Major League Baseball will test the most radical potential change to its playing dimensions in more than a century this summer on minor-league fields in small towns like Gastonia, North Carolina; Lexington, Kentucky; and Lancaster, Pennsylvania.
MLB announced Wednesday it will partner with the independent Atlantic League to conduct a couple of experiments in the coming months. They include two changes designed as possible remedies to unrelenting trends baseball views as bad for business - trends it has failed to reverse organically.
One of the two rules that'll be in place in the Atlantic League is dubbed the "double hook." The rule ties the designated hitter's in-game existence to the starting pitcher. When a starting pitcher leaves a game, that team loses its DH. MLB hopes the rule will incentivize increasing the length of starting pitching appearances, which have been decreasing. The rule would also likely diminish the use of openers, the practice of starting games with a relief pitcher who makes a short outing to serve a variety of strategic purposes.
The other rule change - the more dramatic one - is moving the pitching rubber from 60 feet and 6 inches away from the plate, a distance encoded since 1893, to 61 feet and 6 inches. Atlantic League teams will play the season's first half at the traditional distance, then use the longer distance, and MLB will compare the results.
These radical experiments are being tried because of how the game's evolved in recent years, resulting in fewer balls in play. MLB's concerned about what the increases in strikeouts and pitching changes mean for interest in watching the sport, in attracting and retaining customers.
Now that baseball is considering more radical experiments - and could potentially unilaterally implement them before a new CBA is signed - we're curious: what kind of effect might they have?
MLB was originally going to experiment with pushing the mound back to 62 feet and 6 inches last year in the second half of the Atlantic League season but the pandemic derailed those plans. The league said in its release that moving the mound back 1 foot is "the minimum interval needed to evaluate a change in mound distance."
Baseball claims the change will make a 93.3 mph fastball from the standard distance the equivalent of a 91.6 mph fastball from 61.5 feet. During the pitch-tracking era, the average fastball has increased from 91.8 mph in 2008 to 93.5 last season.
The change that extra foot would provide would be significant.
Since the start of last season, MLB batters have an expected batting average of .237 against 93-mph two- and four-seamers, a .273 expected average against 92-mph fastballs, and a .334 expected average against 91-mph fastballs. Expected batting average uses exit velocity and launch angle to determine the likelihood of a batted ball becoming a hit based on past hits or outs with the same parameters. Expected slugging percentage jumped from .438 against 93-mph fastballs to .632 against 91-mph offerings.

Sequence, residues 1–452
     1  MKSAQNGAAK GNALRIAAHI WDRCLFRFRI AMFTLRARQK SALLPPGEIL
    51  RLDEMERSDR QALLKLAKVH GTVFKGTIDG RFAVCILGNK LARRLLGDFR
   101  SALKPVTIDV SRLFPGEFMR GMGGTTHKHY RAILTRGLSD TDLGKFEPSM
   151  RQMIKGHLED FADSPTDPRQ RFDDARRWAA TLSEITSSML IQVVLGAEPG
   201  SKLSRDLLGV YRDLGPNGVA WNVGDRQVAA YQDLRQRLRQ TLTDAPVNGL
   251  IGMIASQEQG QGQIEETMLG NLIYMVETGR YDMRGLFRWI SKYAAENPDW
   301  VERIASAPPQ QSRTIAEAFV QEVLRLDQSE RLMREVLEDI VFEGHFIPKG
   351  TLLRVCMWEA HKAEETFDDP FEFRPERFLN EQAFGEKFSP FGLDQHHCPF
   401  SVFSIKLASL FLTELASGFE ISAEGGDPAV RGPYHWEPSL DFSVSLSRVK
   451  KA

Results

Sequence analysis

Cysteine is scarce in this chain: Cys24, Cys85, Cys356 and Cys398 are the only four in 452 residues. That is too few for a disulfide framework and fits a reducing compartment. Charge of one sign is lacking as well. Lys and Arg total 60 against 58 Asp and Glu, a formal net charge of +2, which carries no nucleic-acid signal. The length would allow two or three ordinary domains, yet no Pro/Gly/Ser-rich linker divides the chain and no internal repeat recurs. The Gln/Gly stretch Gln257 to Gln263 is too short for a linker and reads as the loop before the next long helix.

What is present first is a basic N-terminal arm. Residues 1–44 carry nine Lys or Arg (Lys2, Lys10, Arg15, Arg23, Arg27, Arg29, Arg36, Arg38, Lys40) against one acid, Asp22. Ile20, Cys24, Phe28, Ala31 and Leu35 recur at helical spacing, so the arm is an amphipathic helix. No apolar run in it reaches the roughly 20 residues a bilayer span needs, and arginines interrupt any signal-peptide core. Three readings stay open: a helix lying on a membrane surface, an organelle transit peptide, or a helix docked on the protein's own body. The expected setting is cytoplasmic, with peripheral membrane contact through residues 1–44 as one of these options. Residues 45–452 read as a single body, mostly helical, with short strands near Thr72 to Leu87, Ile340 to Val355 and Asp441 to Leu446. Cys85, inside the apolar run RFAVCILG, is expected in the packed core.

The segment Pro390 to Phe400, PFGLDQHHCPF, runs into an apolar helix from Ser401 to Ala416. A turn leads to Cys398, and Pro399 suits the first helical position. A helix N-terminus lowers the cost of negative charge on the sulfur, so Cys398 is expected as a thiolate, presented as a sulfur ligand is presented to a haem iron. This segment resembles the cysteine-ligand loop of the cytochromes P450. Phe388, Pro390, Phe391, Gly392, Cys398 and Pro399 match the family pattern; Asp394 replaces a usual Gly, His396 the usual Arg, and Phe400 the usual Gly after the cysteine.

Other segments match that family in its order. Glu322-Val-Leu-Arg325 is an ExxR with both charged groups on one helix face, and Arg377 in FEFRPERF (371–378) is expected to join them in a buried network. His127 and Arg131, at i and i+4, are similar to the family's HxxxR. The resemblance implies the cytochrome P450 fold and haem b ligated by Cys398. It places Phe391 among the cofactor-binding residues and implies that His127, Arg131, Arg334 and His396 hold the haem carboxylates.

I asked Rays starting pitcher Tyler Glasnow about the talk of moving the mound back last week, before the announcement of the experiment.
"I think that's the dumbest thing I have ever heard," said Glasnow, who was unaware of the 2020 experiment that was shelved. "I think there's obviously some logic in changing the game to try and keep up with the times, but it seems like it's all these shots out of left field. It seems like too much, too fast."
Glasnow noted pitchers have trained their entire careers to perform from one distance. To change the distance, he believes, would be unfair.
"One day to the next it changes? It seems people think it's easier than it really is," Glasnow said. "I think everyone should stop (messing) with the game. It's fine."
MLB's tried other measures.
It introduced a less lively ball this season - at least a ball that travels less distance on long fly balls - and released a memo to pitchers warning that it would be monitoring them to infer who might be doctoring the ball. It's an attempt to reduce spin rate, and by extension, strikeouts.
So far, those actions have done nothing to slow trends.
Strikeouts are up again. For the first time, a quarter of plate appearances are ending in strikeouts. And home runs continue to fly out of ballparks. The data and training tools to help players to achieve these outcomes had never been better. Thus, pitchers are incentivized to strike out batters, and batters are incentivized to hit home runs.
MLB has struggled to make the 2020s' game play like that of the 1980s or even the 2010s. Glasnow is a great example of that as the slider he's added with the help of a high-speed camera and spin-tracking technology has allowed him to reach another level early this season.